Give your students opportunities to evaluate choices and discuss how choices affect mood.
This unit introduces mood. Students will learn that their feelings and emotions put them in a mood and that their mood influences their choices. For example, feeling bored or grumpy can lead to an “I won’t” mood, while feeling cheerful or content can lead to an "I will" mood. An "I will" mood can make it easier to make a fit choice; however, an “I won’t” mood needs to be motivated (turned around) for someone to make a fit choice.
Four essential concepts form an understanding of mood:
Feeling a negative emotion, like anger or loneliness, can be a difficult experience and inhibit making a healthy choice. It is well known that making one healthy choice can help you motivate your mood. And that can lead to making additional healthy choices. In this lesson, you’ll help kids get really good at identifying their own moods and other people’s moods, which can help them make healthy choices every day.
If you've ever found yourself in front of the TV after a bad day, mindlessly digging ice cream out of the container with a spoon, you know that mood and food are sometimes linked. But, did you know that all the choices you make throughout the day are connected to your mood as well?
Now that your students have learned to identify their moods, they are ready to find out how to make better choices.
Follow along with the slideshow as you continue the lesson.
To use this with your students click here.
Identifying FeelingsStudents partner with a friend. First, one partner selects a word from the class Feelings and Emotions Chart, created in Lesson 1, then and acts it out. Next, the other partner guesses the feeling. Then they both decide if the feeling influences an “I will” mood or an “I won’t” mood. Switch roles and play again. (Refer to slide 1 of slideshow.)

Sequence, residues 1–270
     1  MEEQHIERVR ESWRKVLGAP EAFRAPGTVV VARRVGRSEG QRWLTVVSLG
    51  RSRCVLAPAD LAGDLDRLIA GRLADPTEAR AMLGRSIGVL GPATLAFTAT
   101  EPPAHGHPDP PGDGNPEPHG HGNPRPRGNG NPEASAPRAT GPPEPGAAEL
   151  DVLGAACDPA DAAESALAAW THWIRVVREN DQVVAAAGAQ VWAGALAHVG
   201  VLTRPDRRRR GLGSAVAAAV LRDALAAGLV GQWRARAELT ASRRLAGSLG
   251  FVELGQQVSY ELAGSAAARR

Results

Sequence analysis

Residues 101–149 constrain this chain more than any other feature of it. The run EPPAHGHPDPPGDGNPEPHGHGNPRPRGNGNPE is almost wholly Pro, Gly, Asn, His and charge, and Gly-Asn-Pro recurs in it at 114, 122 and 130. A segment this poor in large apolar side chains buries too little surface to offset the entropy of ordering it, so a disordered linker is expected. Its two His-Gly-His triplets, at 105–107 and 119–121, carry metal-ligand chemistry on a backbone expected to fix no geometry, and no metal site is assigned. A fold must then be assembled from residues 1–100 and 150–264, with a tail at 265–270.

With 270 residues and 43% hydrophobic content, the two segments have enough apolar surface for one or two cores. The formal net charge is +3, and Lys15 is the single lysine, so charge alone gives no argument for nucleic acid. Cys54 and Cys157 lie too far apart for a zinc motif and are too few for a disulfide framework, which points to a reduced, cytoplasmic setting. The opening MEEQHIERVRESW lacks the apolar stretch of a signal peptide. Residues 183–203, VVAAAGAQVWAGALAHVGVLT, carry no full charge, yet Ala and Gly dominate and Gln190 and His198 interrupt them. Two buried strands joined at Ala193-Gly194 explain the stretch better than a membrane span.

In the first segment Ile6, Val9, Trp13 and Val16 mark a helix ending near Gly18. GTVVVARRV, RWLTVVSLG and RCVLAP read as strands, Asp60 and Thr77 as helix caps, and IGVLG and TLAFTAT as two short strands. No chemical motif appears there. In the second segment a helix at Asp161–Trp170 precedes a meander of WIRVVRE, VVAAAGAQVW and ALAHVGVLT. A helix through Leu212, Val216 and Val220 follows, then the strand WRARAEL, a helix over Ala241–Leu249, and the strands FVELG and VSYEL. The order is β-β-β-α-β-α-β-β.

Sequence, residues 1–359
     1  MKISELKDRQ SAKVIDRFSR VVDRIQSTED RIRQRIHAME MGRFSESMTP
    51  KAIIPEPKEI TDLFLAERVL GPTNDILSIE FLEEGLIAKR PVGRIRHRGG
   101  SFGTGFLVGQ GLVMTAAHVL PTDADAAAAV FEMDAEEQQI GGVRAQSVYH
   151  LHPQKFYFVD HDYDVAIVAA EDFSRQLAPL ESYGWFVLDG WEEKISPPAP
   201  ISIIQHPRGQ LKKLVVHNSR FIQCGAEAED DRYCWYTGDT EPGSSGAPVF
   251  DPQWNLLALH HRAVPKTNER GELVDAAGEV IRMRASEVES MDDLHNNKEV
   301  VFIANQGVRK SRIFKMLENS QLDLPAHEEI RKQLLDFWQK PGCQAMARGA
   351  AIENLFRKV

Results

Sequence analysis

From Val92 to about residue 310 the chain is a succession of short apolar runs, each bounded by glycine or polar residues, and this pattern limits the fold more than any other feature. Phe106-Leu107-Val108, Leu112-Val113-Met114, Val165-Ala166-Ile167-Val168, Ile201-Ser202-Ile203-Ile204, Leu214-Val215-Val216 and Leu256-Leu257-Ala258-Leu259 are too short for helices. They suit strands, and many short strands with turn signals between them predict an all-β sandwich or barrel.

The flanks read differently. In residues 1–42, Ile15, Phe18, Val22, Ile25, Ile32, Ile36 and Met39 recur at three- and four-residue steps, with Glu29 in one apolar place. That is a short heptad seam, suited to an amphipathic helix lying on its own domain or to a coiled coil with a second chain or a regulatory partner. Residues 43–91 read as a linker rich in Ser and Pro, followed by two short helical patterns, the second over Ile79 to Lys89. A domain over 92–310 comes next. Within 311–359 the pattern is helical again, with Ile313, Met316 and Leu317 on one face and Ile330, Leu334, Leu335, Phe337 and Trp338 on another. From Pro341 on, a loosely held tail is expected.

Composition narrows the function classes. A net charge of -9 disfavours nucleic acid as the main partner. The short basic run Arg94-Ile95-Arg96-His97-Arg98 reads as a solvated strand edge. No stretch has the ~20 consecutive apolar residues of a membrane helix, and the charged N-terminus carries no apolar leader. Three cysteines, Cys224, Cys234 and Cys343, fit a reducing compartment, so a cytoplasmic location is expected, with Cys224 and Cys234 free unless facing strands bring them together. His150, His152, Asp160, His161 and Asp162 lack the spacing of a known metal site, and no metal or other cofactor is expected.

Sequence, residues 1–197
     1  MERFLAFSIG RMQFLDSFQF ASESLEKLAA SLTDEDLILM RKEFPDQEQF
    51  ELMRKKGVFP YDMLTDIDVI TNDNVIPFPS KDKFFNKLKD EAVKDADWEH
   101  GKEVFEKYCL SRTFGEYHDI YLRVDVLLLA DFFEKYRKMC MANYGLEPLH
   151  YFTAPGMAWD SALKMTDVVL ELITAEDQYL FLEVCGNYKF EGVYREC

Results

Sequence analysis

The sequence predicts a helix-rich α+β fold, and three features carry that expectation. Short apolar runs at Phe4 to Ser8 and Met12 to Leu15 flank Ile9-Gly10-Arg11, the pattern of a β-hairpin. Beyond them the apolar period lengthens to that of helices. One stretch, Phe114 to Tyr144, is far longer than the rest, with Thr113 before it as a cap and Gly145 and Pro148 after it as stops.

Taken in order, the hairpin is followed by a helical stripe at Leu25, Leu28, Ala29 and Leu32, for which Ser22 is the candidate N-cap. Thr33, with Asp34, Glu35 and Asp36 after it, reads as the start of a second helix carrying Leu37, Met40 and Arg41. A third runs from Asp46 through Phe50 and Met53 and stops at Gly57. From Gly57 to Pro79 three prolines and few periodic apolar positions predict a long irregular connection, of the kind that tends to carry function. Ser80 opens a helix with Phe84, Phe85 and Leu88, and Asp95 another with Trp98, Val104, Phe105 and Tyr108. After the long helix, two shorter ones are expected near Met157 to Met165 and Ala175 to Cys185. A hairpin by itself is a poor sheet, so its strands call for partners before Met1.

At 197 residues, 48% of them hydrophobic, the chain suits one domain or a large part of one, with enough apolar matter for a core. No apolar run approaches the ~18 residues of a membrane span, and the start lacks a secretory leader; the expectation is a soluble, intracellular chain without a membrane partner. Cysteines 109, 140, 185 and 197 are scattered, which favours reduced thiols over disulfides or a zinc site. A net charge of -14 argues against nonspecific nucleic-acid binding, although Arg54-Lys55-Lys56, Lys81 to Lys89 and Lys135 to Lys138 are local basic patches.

Identifying How Feelings Affect Mood
Children identify the feelings and emotions, and the resulting mood for each slide scenario. Encourage children to talk about times when they turned an “I won’t” mood around to “I will.”
Examples of fit choices include doing a physical activity, eating healthy snacks (for energy, not to feed boredom), stretching, resting, and/or relaxing without screen time.
Check for understanding: What is the difference between an "I will" and an "I won't" mood?
Encourage Talk About FeelingsEncourage kids to play mood-guessing games with their friends and family members to practice the skill of turning an “I won’t” mood into an “I will” mood and making a fit choice.
Time: 20 Minutes
In this edition of the Sanford fitSports video series, we’ll see how a healthy attitude, proper mechanics, and body movements are influential when fielding in baseball. To learn more about keeping competitive sports fun, check out the article: Help Your Player Cope with Sports-Induced Stress.Watch Video